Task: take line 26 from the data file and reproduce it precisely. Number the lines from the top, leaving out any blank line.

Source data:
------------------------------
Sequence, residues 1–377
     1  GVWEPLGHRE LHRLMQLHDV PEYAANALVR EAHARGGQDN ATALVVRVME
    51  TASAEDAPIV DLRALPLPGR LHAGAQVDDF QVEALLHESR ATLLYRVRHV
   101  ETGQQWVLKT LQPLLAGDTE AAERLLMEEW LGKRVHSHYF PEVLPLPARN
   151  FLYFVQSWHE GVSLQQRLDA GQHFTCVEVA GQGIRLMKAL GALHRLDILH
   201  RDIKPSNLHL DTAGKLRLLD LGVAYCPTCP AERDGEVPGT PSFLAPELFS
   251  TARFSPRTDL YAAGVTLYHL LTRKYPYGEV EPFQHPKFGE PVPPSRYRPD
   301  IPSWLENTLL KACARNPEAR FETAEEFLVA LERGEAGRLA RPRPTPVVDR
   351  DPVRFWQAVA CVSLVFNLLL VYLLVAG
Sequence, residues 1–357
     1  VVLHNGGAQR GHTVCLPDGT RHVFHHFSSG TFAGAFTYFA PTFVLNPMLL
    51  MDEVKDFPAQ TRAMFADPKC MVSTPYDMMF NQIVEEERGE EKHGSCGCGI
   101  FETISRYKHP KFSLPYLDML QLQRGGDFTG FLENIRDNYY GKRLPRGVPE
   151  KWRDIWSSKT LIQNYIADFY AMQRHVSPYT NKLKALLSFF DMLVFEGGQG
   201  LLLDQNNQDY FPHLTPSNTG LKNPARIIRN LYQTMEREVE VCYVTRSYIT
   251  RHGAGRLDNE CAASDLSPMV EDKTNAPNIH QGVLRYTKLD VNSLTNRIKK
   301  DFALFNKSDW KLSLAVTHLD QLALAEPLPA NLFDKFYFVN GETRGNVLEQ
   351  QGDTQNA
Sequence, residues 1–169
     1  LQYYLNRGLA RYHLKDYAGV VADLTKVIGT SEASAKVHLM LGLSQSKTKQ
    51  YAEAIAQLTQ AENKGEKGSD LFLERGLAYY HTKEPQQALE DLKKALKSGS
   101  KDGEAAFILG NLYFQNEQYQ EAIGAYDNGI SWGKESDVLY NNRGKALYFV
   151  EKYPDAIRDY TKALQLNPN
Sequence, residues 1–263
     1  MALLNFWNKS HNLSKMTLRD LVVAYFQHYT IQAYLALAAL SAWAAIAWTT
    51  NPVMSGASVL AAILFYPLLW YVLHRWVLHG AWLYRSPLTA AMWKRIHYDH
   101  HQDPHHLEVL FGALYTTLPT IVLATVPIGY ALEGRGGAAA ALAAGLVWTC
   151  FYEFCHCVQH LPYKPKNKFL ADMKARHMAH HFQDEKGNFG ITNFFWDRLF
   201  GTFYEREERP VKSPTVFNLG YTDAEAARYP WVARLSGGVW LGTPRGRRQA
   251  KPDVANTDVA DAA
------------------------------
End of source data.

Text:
    51  NPVMSGASVL AAILFYPLLW YVLHRWVLHG AWLYRSPLTA AMWKRIHYDH